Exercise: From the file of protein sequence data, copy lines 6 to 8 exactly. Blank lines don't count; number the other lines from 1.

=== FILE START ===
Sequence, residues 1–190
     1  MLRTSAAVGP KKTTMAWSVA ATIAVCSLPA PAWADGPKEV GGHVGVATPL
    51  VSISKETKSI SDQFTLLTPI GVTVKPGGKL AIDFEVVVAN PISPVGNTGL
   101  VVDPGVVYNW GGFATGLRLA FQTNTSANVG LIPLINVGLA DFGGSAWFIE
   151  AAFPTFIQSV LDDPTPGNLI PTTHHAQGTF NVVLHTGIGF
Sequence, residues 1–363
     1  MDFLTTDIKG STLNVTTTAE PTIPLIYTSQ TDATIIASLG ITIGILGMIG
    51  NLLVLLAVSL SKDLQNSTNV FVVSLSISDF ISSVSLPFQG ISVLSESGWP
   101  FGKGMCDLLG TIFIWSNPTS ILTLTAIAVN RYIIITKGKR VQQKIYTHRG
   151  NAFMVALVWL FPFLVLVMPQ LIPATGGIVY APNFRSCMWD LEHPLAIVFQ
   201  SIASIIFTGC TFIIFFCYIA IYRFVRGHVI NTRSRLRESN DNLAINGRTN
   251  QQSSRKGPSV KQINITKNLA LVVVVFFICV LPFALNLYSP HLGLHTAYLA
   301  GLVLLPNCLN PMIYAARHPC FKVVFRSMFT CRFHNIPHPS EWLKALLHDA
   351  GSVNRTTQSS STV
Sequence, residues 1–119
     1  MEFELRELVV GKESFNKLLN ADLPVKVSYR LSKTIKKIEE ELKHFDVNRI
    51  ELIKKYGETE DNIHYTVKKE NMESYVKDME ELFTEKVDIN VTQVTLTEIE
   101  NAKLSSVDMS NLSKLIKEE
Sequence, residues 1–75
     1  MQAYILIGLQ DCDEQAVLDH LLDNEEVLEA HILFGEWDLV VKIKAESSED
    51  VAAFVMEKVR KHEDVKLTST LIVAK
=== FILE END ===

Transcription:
Sequence, residues 1–363
     1  MDFLTTDIKG STLNVTTTAE PTIPLIYTSQ TDATIIASLG ITIGILGMIG
    51  NLLVLLAVSL SKDLQNSTNV FVVSLSISDF ISSVSLPFQG ISVLSESGWP